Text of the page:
As the nation celebrates 100 years of cinema, Scotland is seeing film history in the

making. From the Oscar-winning Bravehearttoabroodingtale of Glasgow gangland, Small Faces, the Scottish movie industry is burgeoning. Over the next fivepagesl'li‘e Listlooks at the best of what is to come and some cinematic stoaters from the past

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., 1/. _ ,, , _. I Small Faces, blg talent: (clockwise lrom left) Joseph McFadden, Iain Robertson. Stephen Duffy and Kevin Mex.“

6 The List 5-18 Apr 1996

In the wake of Trainspotting comes another powerful Scottish movie with enough attitude to prove it’s not a fix. Fiona Shepherd meets Kevin McKidd and Stephen Duffy, stars of Small Faces.

hat‘s worth lighting for? Justice. Equality. Basic human rights. Loved ones. Identity. Power. Status. Money. Territory. In Small Faces, Gillies Mackinnon’s masterful. evocative Glaswegian rites of passage film set in l968, opposing gangs of youths tight for some of these things mainly territory and individuals tight for identity.

It‘s not a new theme for cinema. Instead it seems to be an evergreen one. In Toy Story, the battleground is a child’s bedroom. In The War Of The Buttons, youngsters turn after-school scraps into tactical manoeuvres. ln Alan Clark’s television screenplay The Firm. gainfully employed young men turn hooligan at the weekend to beat the crap out of other gainfully employed young men who happen to support a different football team. In Small Faces. the three MacLean brothers and their widowed mother struggle to get to grips with what life in a Govanhill tenement throws at them.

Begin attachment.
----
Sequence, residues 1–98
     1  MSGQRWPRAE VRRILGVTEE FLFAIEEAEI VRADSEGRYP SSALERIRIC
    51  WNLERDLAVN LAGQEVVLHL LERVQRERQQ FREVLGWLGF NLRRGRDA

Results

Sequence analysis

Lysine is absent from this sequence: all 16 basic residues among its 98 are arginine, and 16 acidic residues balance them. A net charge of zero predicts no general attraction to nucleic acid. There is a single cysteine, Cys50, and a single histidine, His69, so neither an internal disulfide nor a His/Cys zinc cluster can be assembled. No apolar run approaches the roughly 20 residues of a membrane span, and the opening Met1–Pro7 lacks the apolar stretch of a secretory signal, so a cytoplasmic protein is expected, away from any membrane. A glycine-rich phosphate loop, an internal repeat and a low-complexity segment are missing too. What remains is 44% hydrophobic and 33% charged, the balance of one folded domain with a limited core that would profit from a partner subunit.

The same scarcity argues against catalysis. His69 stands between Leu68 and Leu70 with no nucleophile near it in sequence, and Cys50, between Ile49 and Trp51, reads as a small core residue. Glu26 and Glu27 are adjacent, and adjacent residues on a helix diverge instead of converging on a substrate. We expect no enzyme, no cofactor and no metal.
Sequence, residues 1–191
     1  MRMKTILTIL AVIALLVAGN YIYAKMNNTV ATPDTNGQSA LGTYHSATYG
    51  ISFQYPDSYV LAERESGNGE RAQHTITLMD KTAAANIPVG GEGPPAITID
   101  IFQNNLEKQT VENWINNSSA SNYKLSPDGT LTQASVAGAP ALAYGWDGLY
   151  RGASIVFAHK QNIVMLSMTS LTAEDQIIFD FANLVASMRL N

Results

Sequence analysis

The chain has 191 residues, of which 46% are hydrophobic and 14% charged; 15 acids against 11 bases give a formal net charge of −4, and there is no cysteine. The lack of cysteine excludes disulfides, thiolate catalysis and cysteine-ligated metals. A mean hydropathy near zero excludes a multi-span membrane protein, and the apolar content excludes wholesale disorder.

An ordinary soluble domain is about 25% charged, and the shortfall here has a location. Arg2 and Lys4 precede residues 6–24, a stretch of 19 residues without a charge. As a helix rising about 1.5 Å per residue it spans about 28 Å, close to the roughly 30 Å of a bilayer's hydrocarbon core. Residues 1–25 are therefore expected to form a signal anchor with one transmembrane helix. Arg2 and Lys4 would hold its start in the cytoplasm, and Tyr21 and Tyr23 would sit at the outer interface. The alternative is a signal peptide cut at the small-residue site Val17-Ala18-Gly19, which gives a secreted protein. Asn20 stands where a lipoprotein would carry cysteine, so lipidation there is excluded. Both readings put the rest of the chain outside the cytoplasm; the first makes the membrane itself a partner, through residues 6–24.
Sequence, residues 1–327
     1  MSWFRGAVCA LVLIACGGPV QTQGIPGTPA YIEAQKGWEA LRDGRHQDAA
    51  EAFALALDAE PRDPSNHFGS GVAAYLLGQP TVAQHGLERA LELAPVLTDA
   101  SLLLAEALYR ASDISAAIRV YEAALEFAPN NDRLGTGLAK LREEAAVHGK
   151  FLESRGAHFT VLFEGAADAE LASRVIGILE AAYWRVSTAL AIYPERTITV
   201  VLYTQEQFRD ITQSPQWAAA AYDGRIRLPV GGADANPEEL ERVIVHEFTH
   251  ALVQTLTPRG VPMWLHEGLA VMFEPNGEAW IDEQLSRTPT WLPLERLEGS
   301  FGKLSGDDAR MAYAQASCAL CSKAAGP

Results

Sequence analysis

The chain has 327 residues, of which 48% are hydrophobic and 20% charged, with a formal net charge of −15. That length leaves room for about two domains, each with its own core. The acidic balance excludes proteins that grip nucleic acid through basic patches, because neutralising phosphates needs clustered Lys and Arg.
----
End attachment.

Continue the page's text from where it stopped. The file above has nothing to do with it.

The eldest brother Bobby approaches his 20s without any social. educational or emotional grounding at all his life is running with the Glen gang. The middle brother Alan. played by

Small Faces latches on to what the 605 was about, and it’s not people with beads in their hair.’

Kevin McKidd

High Road’s Joseph McFadden. nurtures his artistic talent and romantic inclinations. At thirteen. the youngest sibling -— portrayed by fourteen-year-old lain Robertson could go either way. The tragi-comic tale of their growing pains. seen mostly through the eyes of Lex. is like Stand By Me meets Quadrophem'a. The bottom line is. life’s a battlefield, so gird your loins.

ln Glasgow in the 1960s, when community spirit was still an oft-cited value, whole neighbourhoods were being uprooted. During the Gorbals clearances. a sense of belonging and domain had to be sought by another route. So razor gangs fought over some spurious notion of territory. The lack of gaining any tangible ground is depicted in Small Faces every time someone arrives on the edge of an undeveloped plot of land bounded by a wall on which is daubed in large letters You Are Now Entering Tongland. And what exactly is Tongland‘? An urban wasteground under a